Theater review: A moving and joyous production of Langston Hughes’ Black Nativity | Theater | Indy Week
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Theater review: A moving and joyous production of Langston Hughes’ Black Nativity 

BLACK NATIVITY, poet Langston Hughes' version of the Christmas story, is a work that easily takes on a life of its own. It immerses its audience in the vivid songs, liturgical dance and sermonizing of an old-style African-American congregation on the occasion of a Yuletide Christian revival. After an opening call-and-response sequence with a talking drum, narrator Jade Arnold exults, "This church where his word is spread is but an extension of his manger."

There's a jubilant, extemporaneous air as various congregants rise and testify between musical numbers that have been freely modified, with the creators' blessing, from the original 1961 version. Under Carolyn Colquitt's superb musical direction, an authoritative multi-racial and multi-generational choir wends its way through two acts of praise and pensive reflections.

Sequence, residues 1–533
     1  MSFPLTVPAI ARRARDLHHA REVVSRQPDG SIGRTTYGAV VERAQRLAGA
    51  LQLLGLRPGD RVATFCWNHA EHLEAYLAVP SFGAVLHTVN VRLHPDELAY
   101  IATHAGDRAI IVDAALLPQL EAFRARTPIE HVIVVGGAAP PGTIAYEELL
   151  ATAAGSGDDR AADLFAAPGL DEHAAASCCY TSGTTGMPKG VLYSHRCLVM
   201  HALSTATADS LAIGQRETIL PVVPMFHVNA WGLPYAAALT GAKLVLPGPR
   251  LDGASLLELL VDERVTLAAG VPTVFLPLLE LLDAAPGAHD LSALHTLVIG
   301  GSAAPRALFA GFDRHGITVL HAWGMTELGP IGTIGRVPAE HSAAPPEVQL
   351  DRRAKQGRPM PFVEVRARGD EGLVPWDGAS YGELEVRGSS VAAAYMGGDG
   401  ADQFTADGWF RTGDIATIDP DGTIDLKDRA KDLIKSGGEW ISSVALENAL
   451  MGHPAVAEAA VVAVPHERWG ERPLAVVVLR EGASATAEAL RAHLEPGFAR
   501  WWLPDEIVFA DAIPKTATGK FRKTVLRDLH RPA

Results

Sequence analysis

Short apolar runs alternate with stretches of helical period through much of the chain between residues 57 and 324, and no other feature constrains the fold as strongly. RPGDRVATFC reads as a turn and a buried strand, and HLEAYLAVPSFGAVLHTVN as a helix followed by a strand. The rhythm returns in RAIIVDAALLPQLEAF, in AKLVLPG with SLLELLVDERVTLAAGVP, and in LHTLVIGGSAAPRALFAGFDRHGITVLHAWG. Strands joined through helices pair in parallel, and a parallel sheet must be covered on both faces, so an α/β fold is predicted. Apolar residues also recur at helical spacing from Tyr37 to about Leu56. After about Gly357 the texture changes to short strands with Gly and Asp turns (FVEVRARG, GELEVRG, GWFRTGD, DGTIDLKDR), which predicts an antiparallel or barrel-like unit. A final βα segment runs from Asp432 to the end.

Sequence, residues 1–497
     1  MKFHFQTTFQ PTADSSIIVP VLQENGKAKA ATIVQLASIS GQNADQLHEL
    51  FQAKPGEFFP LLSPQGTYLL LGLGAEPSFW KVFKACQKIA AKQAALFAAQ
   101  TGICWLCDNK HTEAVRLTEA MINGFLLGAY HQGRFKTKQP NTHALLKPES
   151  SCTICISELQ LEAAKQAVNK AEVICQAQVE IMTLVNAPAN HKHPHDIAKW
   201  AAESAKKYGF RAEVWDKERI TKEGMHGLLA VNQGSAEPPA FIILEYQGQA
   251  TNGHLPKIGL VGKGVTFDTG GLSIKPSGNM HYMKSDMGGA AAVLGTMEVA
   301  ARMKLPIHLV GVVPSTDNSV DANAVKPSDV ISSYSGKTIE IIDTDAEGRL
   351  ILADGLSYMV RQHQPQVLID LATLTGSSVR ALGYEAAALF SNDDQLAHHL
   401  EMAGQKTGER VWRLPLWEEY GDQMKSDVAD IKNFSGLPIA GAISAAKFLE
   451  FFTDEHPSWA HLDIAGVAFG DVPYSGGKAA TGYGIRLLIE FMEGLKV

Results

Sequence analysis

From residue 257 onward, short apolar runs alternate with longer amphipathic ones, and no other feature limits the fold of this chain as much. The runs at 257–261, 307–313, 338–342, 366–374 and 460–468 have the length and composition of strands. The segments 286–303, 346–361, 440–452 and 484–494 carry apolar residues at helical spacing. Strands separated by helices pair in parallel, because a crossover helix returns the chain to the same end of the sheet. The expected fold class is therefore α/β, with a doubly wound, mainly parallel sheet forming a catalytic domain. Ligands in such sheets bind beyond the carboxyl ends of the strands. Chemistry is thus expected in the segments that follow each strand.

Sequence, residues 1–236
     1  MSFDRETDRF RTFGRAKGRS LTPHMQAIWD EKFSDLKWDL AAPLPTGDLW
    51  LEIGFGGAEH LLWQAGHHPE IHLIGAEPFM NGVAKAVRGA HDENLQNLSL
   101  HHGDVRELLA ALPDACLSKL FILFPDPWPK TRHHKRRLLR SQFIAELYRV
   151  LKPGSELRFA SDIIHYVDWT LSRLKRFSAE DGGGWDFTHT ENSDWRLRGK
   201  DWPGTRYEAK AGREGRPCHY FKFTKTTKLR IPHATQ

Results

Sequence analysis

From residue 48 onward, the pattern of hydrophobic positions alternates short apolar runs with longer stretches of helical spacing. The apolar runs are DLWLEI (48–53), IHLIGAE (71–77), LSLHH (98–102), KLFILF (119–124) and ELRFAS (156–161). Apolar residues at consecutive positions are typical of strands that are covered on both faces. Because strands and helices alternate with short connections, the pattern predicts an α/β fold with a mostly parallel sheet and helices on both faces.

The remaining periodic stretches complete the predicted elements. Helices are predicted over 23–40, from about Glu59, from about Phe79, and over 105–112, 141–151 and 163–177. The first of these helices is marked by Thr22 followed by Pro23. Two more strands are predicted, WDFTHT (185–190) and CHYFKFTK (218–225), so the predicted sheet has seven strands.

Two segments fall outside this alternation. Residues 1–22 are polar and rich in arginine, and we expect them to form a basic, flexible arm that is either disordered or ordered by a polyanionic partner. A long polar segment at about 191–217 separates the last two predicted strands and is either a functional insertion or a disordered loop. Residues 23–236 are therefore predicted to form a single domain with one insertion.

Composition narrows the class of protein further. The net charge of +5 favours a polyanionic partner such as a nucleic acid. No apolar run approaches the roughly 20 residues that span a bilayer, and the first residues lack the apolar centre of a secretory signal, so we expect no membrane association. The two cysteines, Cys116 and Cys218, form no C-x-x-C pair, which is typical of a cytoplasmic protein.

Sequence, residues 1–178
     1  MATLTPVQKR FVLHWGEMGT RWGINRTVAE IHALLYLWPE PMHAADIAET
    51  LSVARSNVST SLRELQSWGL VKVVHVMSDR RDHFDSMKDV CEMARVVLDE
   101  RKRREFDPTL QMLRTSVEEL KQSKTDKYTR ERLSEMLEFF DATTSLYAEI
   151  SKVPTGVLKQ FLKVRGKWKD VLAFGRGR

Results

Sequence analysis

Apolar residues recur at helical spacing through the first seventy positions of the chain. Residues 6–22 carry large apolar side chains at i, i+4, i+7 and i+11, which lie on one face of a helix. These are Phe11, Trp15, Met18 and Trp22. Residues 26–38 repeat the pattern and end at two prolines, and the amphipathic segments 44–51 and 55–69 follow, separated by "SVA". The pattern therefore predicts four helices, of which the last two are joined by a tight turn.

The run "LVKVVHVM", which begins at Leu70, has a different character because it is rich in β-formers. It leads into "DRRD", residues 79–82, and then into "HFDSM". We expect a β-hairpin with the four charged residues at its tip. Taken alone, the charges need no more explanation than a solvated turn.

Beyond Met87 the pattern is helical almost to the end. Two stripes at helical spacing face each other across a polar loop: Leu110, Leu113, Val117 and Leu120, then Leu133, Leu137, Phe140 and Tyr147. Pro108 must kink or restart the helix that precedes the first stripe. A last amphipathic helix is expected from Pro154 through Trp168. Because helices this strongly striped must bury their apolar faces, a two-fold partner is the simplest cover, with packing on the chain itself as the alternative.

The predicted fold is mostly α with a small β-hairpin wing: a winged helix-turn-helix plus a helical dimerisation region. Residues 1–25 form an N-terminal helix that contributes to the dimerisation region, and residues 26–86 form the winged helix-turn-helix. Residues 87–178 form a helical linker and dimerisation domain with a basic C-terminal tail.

Standout soloists included Carly Prentis Jones' angelic "O Come, O Come, Emmanuel," Dr. Joy Bryant in "Rise Up, Shepherd, and Follow" and J. Renee Coley's "There's a Leak in This Old Building." The choir, band—and audience, which sang along—elevated the joyous "Go Tell It On the Mountain" and "The Presence of the Lord is Here."

The richness of this pageant is only reinforced by Brenda Hayes' sumptuous costumes and Chuck Davis' African choreography. In its fourth season, this Black Nativity is a celebratory, soulful snapshot: a welcome trip back home for some. And for others, it's a view into a world of faith too seldom glimpsed.

This article appeared in print with the headline "The kids are all right"

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